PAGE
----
Jenny Rain is passionate about missions in Africa, deep relationships with God and others, and a myriad of other fun things. She and her new husband live in Northern Virginia. You can find her on her blog, Jenny Rain: Rainmakers and Stormchasers, or follow her on twitter @JennyRain. When I first read the post you are about to read, I was immediately struck with the similarities: Wow. She hides just like me. Perhaps you will see yourself here as well.
I am a professional hider. Whether it is skating through a crowd to find an elevator I do not have to share, or eating lunch in my office to avoid the lunch crowd, I know how to hide. I hide because of fear.
Fear has been a constant companion in my life, but not a welcome one. It has been an uninvited straggler in my attempts to prove myself in the world. The weight of fear has lumbered awkwardly like an extra appendage and tethered my should-be-soaring-leaps to the flattened landscape. Like a genetic anomaly, fear has woven its code into the DNA helix of my life. I hide because of shame.
When I was younger shame tangled around my ankles and wound itself like a creeping vine around my abilities. By the time I was six, the roots had embedded themselves in my life and I could barely move. Most of my younger years were spent encased in my toy-room creating make-believe worlds with my Barbies. They had fancy toy cars, lots of friends, and lived in a world inaccessible to my tiny imagination.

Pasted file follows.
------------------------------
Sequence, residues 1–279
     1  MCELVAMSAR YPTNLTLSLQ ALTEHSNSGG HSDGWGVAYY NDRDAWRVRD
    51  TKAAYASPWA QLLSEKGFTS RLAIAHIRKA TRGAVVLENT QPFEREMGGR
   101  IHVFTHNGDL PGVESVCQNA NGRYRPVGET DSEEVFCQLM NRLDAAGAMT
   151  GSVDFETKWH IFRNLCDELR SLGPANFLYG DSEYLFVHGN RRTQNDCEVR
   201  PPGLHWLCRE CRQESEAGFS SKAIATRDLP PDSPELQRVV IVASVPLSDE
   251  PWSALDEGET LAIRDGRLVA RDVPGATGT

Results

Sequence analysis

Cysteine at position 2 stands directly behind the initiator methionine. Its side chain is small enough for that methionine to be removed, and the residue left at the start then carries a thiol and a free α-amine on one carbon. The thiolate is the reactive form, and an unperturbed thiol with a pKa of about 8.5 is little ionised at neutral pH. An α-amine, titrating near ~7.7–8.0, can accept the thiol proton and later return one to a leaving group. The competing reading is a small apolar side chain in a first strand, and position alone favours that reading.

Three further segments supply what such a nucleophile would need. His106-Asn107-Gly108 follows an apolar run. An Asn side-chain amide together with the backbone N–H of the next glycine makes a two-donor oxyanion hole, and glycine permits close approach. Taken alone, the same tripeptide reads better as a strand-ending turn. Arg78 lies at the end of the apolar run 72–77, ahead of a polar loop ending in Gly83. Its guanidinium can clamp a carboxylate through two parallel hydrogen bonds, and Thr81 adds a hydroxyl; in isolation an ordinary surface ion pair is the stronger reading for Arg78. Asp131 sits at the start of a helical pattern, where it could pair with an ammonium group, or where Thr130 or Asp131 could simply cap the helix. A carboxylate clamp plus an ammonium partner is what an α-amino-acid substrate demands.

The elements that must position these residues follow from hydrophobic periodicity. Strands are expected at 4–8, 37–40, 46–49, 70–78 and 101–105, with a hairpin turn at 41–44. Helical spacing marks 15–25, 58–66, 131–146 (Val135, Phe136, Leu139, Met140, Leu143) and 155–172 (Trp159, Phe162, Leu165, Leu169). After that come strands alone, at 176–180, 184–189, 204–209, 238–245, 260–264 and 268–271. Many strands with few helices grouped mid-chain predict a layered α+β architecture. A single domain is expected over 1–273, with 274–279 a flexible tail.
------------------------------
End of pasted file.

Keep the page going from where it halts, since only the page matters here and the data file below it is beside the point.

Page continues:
I lived my life behind a mask. My masks took many forms . . . self-reliance, people-pleasing, religiosity, intellectualization, corporate success, infatuation with beauty, and relationships. But the masks were all formed as a reaction to the same two villains named: Fear and Shame.
Hiding was so natural for me. It was no longer what I did, but who I was. Like Adam and Eve, the fig leaf was no longer an unusual decoration in the land of freedom, it had become my permanent wardrobe. Yet even in my hiding, God saw me and loved me into being.
He knew my heart rhythm. When I placed my hands over my ears to drown out the fluttering palpitations of my
heartbeat, God heard a melody. When I plugged my ears to the screams of my silenced heart, God tuned into my aria. He was never afraid. He was never ashamed of me.
And it was in His knowing that I reached up my tiny fingertips and clung to His Vine of hope. I dug my toes into the sides
of the muddy hole I was stuck in for leverage, leaned my entire weight on the Vine, and allowed the Vine to heave me
out of the pit into freedom. There are days that I still hide, but now I realize it is a choice, its not who I am.
I am thankful for this reminder this morning – that the hiding is sometimes a way I cope, but it is not who I am. To learn more about Jenny, visit her blog and say hello.